Britain's Olympians ended the 2004 Games having surpassed their medal haul in Sydney four years ago.
Team GB made off with 30 medals from Athens, two more than 2000, with nine gold, nine silver and 12 bronze.
The haul prompted British Olympic Association boss Simon Clegg to claim "mission accomplished".
"The target I set was to return with between six and nine gold medals and in excess of 25 in total and I'm delighted we've done that," he said.
In Sydney, Britain won 11 gold, 10 silver and seven bronze, and Clegg admitted it might be time to recalibrate the team's sights for Beijing in four years time.
"We understand we are judged by the performance of the team and the Great British public mean by that medals," he said.
"From an organisational point of view we need to scratch below that surface and we will undertake a full and thorough analysis of every performance out here.
"Not least of which is to determine whether we have set the bar at the correct level with a view to moving it up in the future."
Four-time Olympic rowing champion Matthew Pinsent added: "It's been a superb performance by the British team. For once we can say we have had a fantastic Games.
"It's great to be able to go back and give that feel-good factor. That gives us a buzz too. "
Golden girl Kelly Holmes, the Olympic 800m and 1500m champion, and the men's 4x100m relay winners put the gloss on Britain's success, followed by boxer Amir Khan, who added a final silver on the last day.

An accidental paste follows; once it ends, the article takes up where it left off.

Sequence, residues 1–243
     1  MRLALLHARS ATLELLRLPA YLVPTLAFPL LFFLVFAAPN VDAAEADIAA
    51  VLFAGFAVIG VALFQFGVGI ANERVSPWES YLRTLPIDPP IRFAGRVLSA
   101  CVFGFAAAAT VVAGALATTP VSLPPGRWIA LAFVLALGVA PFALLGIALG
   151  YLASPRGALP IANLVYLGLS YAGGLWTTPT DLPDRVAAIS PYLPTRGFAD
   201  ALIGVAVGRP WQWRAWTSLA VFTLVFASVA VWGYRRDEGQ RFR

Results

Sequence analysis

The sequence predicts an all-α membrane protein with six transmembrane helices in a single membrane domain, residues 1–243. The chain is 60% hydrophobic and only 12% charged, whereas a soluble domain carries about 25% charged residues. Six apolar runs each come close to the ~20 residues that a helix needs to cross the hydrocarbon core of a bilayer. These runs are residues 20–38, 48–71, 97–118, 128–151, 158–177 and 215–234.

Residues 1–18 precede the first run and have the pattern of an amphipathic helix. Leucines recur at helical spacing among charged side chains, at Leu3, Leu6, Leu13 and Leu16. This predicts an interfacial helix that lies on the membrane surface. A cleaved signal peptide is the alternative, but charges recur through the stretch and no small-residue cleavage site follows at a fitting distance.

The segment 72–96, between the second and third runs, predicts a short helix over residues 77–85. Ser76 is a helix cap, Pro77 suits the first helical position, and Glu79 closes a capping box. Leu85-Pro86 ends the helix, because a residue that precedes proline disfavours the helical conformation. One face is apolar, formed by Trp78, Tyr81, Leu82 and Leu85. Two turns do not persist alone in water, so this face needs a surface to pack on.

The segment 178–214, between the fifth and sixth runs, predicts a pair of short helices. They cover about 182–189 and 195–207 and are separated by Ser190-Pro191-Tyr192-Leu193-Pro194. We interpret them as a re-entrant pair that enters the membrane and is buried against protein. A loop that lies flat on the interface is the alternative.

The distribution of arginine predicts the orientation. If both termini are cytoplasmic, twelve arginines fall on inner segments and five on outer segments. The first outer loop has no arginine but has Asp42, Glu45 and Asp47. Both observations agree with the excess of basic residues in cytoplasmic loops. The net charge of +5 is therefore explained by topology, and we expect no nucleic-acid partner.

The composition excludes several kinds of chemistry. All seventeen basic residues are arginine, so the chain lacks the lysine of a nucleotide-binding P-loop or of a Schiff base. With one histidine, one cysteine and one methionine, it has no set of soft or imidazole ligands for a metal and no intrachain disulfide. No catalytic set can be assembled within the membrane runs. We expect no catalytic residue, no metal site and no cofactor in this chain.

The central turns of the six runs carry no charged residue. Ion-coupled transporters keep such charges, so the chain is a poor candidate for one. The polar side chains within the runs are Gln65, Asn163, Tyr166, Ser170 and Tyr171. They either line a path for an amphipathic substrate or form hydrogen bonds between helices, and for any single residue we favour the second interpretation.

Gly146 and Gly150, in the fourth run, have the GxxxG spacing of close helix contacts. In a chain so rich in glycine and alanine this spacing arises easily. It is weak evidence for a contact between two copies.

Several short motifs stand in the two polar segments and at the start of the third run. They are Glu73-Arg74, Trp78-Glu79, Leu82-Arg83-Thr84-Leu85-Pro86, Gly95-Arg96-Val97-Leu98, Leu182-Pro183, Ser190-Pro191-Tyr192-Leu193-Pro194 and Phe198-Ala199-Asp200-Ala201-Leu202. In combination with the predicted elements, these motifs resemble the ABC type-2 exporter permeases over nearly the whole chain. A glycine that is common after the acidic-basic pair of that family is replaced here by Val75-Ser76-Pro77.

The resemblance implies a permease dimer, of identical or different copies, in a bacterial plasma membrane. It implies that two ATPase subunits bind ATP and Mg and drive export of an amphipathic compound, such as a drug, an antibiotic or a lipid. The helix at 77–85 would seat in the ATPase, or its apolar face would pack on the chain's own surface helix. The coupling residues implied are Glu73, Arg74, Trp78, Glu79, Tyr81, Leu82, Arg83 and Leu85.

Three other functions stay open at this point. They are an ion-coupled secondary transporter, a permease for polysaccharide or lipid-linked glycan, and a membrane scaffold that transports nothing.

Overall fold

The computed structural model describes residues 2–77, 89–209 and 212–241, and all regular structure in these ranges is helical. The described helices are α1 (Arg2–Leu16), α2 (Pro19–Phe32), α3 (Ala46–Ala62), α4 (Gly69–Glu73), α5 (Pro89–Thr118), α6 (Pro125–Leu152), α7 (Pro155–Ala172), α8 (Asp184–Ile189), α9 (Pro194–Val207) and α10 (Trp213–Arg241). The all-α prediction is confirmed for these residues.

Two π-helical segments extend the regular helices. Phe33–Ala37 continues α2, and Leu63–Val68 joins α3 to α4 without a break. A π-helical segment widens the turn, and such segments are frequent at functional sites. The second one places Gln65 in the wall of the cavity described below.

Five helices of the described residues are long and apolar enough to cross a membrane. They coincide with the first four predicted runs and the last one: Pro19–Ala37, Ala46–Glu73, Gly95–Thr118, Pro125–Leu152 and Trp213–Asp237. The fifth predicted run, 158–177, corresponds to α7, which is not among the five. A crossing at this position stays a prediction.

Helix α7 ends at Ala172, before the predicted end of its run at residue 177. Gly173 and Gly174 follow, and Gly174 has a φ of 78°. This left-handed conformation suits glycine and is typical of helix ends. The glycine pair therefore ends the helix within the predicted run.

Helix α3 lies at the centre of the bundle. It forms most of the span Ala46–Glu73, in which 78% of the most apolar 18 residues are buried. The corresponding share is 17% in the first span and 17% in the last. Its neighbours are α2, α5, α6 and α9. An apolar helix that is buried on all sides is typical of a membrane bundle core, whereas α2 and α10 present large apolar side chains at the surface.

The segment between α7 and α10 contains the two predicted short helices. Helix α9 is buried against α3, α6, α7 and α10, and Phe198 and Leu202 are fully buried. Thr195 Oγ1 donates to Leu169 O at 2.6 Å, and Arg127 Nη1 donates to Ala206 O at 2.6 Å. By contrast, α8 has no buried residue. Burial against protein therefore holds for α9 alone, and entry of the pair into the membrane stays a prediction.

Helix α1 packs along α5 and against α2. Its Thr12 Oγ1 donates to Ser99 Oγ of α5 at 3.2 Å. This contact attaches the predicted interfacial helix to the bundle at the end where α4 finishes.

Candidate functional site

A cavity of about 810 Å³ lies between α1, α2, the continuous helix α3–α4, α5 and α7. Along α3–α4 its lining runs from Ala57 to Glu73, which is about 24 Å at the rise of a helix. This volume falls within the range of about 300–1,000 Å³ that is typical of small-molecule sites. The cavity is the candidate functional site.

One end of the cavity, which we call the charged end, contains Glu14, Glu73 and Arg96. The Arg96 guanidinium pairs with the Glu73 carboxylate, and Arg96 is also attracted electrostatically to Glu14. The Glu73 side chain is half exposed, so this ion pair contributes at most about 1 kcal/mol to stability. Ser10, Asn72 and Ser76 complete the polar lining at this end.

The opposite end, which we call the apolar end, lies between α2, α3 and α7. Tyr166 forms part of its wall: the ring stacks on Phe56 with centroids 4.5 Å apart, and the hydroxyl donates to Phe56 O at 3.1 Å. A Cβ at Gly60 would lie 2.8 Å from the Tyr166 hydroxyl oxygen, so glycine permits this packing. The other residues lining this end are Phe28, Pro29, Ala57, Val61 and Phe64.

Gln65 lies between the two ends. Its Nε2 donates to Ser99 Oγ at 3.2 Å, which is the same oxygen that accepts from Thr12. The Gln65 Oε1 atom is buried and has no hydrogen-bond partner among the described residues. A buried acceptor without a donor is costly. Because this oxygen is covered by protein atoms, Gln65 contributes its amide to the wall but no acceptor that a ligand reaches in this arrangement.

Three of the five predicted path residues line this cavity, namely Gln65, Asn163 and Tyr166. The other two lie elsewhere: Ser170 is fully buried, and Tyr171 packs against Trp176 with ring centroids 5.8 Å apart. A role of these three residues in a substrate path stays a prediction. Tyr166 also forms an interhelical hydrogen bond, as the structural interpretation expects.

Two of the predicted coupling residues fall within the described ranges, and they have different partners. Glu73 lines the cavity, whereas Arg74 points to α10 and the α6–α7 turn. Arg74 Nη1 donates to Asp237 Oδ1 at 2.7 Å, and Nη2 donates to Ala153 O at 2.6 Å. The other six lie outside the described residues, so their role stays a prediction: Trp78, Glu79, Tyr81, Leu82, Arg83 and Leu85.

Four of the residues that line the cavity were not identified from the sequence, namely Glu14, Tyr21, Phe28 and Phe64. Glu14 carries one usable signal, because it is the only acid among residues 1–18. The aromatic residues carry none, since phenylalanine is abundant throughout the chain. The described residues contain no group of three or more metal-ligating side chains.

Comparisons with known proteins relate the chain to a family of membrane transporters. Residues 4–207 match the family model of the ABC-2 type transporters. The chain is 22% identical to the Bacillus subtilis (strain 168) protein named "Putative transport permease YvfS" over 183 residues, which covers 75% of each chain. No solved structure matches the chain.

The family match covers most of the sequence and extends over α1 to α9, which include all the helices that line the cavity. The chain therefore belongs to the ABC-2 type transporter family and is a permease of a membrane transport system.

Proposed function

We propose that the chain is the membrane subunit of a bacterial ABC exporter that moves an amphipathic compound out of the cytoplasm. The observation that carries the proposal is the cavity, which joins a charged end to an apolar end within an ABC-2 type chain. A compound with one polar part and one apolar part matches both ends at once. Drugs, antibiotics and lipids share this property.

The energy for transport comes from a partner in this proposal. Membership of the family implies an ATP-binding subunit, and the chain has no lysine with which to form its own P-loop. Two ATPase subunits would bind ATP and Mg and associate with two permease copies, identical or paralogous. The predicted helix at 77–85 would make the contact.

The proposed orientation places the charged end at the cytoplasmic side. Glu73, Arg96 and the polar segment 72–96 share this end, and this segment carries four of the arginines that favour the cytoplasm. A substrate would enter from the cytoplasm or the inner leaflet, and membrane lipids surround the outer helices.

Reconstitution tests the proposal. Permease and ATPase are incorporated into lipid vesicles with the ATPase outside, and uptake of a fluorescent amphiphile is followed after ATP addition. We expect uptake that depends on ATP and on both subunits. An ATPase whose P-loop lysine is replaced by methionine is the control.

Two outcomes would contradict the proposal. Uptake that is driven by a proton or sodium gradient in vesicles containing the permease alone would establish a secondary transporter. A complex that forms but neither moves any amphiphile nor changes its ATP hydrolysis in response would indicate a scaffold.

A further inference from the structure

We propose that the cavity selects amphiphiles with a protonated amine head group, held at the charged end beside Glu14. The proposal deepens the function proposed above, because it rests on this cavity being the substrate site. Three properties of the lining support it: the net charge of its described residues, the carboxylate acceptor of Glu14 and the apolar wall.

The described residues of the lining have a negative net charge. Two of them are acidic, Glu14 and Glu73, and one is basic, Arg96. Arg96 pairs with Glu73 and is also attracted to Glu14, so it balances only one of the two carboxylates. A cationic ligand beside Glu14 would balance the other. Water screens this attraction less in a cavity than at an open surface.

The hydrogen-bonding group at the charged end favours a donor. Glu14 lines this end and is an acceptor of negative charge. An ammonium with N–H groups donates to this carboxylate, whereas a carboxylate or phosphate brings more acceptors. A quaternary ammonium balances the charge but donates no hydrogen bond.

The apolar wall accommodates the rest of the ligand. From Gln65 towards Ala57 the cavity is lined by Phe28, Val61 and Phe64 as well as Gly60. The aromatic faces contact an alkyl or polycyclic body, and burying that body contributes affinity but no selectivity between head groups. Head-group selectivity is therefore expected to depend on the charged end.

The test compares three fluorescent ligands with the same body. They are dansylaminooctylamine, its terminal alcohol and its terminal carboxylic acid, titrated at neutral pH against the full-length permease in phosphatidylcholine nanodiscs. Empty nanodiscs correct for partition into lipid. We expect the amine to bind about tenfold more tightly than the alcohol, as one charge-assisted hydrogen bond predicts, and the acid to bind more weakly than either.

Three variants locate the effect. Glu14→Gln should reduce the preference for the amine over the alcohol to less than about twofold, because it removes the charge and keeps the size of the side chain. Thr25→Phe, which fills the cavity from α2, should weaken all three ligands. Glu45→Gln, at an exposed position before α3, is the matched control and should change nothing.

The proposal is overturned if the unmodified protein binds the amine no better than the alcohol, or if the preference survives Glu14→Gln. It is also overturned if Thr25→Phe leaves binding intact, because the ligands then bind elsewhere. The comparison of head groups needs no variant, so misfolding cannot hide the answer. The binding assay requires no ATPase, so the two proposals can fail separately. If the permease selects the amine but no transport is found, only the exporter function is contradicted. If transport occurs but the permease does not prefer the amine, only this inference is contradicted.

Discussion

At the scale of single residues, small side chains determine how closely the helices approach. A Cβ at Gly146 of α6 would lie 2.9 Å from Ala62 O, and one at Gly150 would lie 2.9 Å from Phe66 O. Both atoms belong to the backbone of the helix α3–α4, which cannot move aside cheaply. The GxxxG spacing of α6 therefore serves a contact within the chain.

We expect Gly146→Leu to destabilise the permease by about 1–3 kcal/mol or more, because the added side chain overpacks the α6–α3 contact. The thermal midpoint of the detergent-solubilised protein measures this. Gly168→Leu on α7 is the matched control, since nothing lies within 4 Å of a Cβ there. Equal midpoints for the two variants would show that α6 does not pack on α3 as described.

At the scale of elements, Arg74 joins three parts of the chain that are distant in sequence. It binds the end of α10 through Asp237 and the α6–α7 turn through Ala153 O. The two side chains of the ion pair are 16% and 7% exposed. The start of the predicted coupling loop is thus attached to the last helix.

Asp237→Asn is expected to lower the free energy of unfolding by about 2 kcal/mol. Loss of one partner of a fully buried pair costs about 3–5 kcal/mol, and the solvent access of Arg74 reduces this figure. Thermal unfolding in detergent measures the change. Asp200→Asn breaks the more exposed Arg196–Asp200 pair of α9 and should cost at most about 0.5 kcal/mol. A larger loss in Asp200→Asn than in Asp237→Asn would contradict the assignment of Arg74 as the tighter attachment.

But it was in the sports of rowing, cycling, sailing and equestrianism that the foundations were laid.
And Clegg was adamant that despite the blistering finish to the athletics programme, the British track and field team as a whole disappointed.
"The gold medals did save them," said Clegg.
"Outside that and Kelly Sotherton's bronze, it's been a mixed performance by the track and field team and that's something I'm going to have to sit down with UK Athletics and do a thorough analysis of.
"On the surface of it there were far too many athletes not getting through the first rounds and being eliminated in early heats and that's something we are going to have to address in the future."
British athletics' retiring performance director Max Jones admitted the 4x100m gold was exactly how he would have written the script to his last days in the role.
"The high of these Games was definitely the 4x100m," said Jones.
"It was always my dream to end my career with our 4x100m boys winning the
gold medal and if I could have written the final chapter I would have had us
beating the Americans in the final by one hundredth of a second. I never thought
it would come true but that's exactly what happened.
"People don't know what we have gone through over the last six years, we have
had a constant coaching battle and have had so many highs and lows."
Jones acknowledged that his lasting legacy was boosted by Saturday's double-gold haul.
"At any major Games you live on a knife edge because it can go either way,"
"One gold medal can mean the difference between success and failure and we
were looking down the precipice last night because if things didn't go well it
would have been a failure."